Wednesday, September 2, 2009


Caller to an AM radio show about Congress: "Sometimes I think we might be better off with the first 535 names in the jury pool."
Caught Laura Ingraham, filling in for O'Reilly on Tues night, debating Dr. Lamont Hill about healthcare in Cuba. Anyone who still believes in the great Cuban healthcare hoax is invited to visit The Real Cuba here. Access to what? Of course, if you are a foreigner, that's another whole kettle of fish.
As me old mum used to say, "A santo de que" is it necessary for Herr Obama to speak to the tr...oops...children. I might almost believe Mr. Beck is onto something. Now if they start asking the children to close their eyes and ask the President for candy, I'll really smell a rat.
An elegant suggestion for parents, whatever your persuasion, keep your kid home that day. If Mr. Obama were truly interested in teaching a civics lesson, he should have included the opposition. Hey, you think this might be an exercise in desensitization?

Sunday, August 30, 2009

Sunday Brunch

Scrambled. On Townhall this week is an insightful and damning column about Obamian policy toward Latin America, particularly valuable for it's coverage of the latest goings on in Venezuela. Couple it with the threats of cutting off aid to Honduras that have been coming out of State, and you are left to conclude that Mona Charen is right. They just don't know who our friends are.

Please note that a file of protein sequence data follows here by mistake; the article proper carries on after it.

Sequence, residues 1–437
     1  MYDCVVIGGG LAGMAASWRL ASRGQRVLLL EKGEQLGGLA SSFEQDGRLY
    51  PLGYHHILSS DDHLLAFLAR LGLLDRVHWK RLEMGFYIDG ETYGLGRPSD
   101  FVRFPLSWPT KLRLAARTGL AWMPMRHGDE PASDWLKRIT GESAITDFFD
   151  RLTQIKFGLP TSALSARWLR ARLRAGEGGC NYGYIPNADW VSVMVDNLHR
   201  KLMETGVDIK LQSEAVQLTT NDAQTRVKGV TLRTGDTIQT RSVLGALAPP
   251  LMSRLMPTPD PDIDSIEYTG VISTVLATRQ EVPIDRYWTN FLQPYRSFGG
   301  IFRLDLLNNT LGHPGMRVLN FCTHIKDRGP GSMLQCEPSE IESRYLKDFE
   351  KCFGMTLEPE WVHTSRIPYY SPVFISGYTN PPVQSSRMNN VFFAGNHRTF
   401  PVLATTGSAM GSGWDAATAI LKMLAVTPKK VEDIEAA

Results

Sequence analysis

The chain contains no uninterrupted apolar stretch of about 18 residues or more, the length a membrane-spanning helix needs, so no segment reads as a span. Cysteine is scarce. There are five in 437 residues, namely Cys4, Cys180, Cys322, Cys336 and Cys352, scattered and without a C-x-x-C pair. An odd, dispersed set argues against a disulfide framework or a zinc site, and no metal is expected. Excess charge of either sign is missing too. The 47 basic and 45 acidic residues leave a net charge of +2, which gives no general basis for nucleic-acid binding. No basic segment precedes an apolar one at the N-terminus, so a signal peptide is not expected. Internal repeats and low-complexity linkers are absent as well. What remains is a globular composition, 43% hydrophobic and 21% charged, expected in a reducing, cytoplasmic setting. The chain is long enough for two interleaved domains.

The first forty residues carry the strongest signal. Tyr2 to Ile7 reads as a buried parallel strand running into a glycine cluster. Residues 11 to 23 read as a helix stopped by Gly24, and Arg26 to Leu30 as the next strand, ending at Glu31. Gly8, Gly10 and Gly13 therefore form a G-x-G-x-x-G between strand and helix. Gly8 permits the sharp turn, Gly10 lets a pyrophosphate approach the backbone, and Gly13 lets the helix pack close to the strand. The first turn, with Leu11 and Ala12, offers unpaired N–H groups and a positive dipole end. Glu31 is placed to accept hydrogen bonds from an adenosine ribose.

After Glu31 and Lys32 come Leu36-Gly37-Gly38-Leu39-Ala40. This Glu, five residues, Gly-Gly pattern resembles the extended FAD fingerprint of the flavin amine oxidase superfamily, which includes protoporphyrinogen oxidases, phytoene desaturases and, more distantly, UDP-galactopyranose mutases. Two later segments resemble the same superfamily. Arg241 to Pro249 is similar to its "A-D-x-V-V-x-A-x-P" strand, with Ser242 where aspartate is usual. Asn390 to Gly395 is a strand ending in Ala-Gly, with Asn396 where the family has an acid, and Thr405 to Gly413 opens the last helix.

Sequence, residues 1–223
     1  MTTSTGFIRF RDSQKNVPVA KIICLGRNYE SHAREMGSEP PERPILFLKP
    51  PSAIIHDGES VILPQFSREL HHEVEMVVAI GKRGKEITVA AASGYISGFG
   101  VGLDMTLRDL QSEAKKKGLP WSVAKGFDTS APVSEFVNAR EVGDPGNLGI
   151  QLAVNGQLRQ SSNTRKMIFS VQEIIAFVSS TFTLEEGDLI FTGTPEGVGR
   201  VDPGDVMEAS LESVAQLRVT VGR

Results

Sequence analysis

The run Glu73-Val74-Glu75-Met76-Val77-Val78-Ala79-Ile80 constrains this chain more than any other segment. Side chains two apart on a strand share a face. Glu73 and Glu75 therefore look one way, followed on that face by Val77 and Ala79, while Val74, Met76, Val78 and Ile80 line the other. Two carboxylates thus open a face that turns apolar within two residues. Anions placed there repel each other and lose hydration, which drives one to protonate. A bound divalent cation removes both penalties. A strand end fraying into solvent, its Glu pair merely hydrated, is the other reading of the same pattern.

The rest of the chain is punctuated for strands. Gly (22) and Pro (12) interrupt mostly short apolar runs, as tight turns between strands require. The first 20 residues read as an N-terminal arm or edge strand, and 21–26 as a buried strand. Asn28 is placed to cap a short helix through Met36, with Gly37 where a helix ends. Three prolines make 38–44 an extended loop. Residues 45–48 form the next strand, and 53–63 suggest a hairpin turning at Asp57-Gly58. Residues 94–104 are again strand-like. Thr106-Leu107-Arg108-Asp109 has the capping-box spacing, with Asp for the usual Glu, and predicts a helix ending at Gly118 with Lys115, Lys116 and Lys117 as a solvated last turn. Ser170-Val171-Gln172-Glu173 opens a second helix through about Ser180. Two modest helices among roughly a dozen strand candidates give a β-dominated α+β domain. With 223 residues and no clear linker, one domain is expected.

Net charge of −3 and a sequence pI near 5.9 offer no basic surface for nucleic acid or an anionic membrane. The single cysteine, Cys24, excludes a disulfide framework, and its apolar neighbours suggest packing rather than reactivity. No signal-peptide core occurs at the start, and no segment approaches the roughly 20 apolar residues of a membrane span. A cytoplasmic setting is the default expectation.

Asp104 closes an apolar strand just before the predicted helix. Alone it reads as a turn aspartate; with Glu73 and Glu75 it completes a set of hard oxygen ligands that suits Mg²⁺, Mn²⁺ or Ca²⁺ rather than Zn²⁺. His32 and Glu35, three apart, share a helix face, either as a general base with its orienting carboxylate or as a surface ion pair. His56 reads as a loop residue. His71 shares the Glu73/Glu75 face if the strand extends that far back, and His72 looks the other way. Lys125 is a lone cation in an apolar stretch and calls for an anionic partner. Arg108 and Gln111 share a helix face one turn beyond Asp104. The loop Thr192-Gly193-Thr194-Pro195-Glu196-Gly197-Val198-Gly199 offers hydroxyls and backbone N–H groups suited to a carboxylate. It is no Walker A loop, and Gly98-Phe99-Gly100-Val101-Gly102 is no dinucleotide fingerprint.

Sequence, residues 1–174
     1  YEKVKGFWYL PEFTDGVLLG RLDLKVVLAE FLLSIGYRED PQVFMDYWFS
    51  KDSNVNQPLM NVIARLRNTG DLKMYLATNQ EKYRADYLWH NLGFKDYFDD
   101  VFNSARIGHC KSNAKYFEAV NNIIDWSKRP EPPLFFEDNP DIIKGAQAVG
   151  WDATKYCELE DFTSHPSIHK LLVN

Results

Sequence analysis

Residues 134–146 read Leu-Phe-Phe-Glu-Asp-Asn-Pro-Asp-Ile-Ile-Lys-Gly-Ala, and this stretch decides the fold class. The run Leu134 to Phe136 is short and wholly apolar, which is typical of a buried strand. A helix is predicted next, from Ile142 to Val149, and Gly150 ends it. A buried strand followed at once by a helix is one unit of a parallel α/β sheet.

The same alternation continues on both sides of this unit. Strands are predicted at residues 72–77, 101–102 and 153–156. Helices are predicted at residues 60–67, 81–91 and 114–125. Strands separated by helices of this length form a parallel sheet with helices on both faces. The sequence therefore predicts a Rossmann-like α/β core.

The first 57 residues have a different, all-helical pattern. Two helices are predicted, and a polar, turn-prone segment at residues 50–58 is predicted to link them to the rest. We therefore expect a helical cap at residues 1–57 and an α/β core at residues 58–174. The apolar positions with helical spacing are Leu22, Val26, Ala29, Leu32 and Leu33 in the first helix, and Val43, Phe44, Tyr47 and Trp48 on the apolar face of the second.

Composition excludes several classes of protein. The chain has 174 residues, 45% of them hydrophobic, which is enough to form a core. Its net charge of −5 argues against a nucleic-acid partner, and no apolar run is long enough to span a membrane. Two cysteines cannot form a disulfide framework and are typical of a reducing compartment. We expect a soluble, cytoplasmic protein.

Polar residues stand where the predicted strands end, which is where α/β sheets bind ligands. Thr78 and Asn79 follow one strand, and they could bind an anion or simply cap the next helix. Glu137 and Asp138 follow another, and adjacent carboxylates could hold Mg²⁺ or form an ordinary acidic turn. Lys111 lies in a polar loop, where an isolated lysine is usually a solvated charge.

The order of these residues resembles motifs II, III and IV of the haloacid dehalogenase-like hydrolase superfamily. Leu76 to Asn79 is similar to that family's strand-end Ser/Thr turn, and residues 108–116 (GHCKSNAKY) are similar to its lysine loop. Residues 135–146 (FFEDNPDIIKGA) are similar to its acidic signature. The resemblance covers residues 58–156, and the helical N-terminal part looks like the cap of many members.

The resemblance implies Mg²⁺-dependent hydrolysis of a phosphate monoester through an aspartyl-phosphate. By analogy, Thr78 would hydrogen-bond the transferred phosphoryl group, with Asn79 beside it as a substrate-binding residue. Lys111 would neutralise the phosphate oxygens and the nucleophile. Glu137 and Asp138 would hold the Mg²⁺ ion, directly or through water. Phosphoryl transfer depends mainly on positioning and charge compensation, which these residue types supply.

Revoltillo. On the domestic front, last Friday's column by Don Gainor is a must read, if only for its opener. Yes there is revolt in the air, Kennedy demise or no Kennedy demise, and the internet helps fuel and foment it. It seems that the Dems taught bloody instructions when they went after Bush with the long knives. (Allusions, anyone?) Payback is no lady.

Benedict. I've brought up the great question as to what's killing the honeybees, a more immediate concern than global warming. From the AP via Fox comes the latest installment in the mystery. Stay tuned. Even the last installment from Laurie King, The Language of Bees, set in the Victorian world of Sherlock Holmes has as a central motif the dying off of hives.

Poached. Although the core of this effort by Stanley Fish in the New York Times revolves around a report by ACTA, the American Council of Trustees and Alumni, as to what should be taught in colleges, including a discussion of his differences over the specific content to be taught in literature classes, it is worthy of a read if only because of what it conveys about the teaching of writing. Brain food.

Hard-Boiled. Every once in a while, I promise myself that I'll read something of note, something deep. I carry around in my purse a dog-eared list of CS Lewis' titles I mean to read some day. Guess I'll have to add another one from this book review in The Weekly Standard. Guess I should start with the Chesterton book; I've only ever read Father Brown (?). Geesh, they're so erudite over there.